Lappé was an advocate, but he was not stupid.  The late Chuck Walsh took some of Lappé’s early depositions in the breast implant litigation, and pressed him on whether he had seen or had access to the underlying data. Lappé Dep. Roden at 94:4 -21 (Aug. 21, 1995).  Lappé also acknowledged that he had been unaware that the data presented in the published paper was truncated from the data originally obtained in the study. Id. at 108:19 – 109:7.  Lappé bristled, as well he should, at these challenges to his ethical bona fides.  He apparently requested  the underlying data on more than one occasion, but his colleagues would not share the data with him:

Question:  I want to ask you, did you ever get the basic raw data?

Answer:    That was asked and answered as recently as three weeks ago.  And the same answer applies today:  No.  I had asked for it.  It was not give[n] to me.  I have asked for it again.  It’s not been given to me.

Lappé  Dep. at 172:9-14 (Mar. 21, 1996), in Wolf v. Surgitek, Inc., No. 92-60186, 113th Judicial District, District Court of Harris County, Texas.

In early 1998, before Judge Pointer’s neutral expert witnesses delivered their reports in the multi-district proceedings, I traveled to Gualala, California, to take Lappé’s deposition in Page v. Bristol-Myers Squibb Co., No. JCCP-2754-03740, California Superior Court, County of San Diego (Jan. 19, 1998).  I recall the little coastal town of Gualala well.  The hotel, restaurant, and even the deposition room were infested with fruit flies, no doubt because pesticides were banned under Lappé’s influence.  When I asked Lappé whether he had changed his views in any way, he gracefully backed away from his previous testimony:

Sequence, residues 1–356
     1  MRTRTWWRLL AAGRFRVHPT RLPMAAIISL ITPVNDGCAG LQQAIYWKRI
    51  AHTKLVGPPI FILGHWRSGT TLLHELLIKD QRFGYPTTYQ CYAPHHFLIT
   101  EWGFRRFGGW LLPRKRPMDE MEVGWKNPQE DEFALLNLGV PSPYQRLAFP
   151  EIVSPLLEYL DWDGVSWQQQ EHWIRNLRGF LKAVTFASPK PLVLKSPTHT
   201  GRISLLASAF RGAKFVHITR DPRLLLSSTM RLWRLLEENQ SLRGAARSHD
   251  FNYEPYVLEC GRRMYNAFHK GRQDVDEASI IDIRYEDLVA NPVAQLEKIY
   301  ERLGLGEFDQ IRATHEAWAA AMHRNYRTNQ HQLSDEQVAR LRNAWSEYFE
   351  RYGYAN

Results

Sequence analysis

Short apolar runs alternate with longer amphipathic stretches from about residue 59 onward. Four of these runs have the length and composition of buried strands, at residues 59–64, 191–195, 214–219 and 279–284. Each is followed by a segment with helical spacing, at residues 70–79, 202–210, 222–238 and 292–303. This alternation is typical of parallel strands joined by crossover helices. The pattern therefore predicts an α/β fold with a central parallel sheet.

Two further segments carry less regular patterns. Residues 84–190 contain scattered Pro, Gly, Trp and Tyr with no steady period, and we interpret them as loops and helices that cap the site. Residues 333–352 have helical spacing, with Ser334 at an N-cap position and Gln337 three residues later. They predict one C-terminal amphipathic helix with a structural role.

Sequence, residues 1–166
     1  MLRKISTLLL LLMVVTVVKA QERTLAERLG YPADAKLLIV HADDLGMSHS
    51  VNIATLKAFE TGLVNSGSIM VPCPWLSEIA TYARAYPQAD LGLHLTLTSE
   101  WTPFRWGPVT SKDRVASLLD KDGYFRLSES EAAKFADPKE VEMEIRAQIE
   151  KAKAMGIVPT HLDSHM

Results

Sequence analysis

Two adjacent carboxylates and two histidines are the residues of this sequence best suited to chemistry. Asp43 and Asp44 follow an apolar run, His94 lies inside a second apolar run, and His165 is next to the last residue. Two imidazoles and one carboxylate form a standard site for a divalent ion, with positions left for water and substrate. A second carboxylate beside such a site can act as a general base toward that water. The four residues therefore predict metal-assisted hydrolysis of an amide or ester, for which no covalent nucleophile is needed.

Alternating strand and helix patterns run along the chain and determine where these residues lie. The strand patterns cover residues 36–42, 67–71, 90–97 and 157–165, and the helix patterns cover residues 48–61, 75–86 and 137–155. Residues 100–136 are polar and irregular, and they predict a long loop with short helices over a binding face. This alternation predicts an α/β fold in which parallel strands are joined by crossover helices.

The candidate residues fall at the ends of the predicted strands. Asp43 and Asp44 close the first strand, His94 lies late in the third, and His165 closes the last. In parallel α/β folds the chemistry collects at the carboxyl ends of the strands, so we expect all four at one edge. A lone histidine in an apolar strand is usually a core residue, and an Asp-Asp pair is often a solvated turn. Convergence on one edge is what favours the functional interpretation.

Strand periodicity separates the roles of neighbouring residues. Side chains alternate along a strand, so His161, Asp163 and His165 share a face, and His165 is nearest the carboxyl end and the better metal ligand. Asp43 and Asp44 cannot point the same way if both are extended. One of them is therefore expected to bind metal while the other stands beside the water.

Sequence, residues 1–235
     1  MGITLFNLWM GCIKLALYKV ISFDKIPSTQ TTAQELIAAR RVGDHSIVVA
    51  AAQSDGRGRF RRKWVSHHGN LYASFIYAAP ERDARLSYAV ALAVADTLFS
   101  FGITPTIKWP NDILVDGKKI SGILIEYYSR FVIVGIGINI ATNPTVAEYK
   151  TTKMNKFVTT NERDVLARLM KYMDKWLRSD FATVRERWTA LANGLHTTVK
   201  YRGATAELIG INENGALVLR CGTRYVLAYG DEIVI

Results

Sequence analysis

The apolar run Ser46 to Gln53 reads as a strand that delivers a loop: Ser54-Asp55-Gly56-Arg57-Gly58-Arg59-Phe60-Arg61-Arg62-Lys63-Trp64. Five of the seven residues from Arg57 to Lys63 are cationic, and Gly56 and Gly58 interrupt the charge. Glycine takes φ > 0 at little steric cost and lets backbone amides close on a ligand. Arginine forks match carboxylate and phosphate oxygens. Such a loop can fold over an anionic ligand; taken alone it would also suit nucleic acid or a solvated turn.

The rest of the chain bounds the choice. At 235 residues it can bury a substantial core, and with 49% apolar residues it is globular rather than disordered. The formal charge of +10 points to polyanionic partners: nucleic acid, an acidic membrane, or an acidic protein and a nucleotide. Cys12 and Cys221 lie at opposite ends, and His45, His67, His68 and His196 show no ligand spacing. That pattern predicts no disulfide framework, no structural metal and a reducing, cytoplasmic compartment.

“I believe that the current evidence, the weight of evidence suggests that the antibodies that are formed in women, perhaps in excess of their background levels for IGG antibody, may not have a specificity towards silicone itself as an antigen but may bind preferentially to silicone and therefore given nonspecific binding results such as those as the Emerald Labs detected in their plate bioassay.   I think their evidence does not presently weigh in favor of considering silicone by itself as an antigen.”

Lappé  Dep. Wolf at 100: 5-18.  Later that year, 1998, Tim Pratt extracted further concessions from Lappé, in a Mississippi case.  Lappé acknowledged that the MDL court’s neutral expert witnesses had done a “reasonably good job,” and that he agreed with them that there was not consistent evidence to support the claim that silicone caused autoimmune disease.  Lappé Dep. at 26:1-9 (Dec. 17, 1998), in Brassell v. Medical Engineering Corp., Case No. 251-96-1074 CIV, Hinds County Circuit Court, Mississippi.

The litigation faded away, and so did Lappé.  He died in 2005. Douglas Martin, “Marc Lappé, 62, Dies; Fought Against Chemical Perils,” N.Y. Times (May 21, 2005).  Few other expert witnesses for silicone plaintiffs had the intellectual integrity to confess error.  I hope he has found his missing data.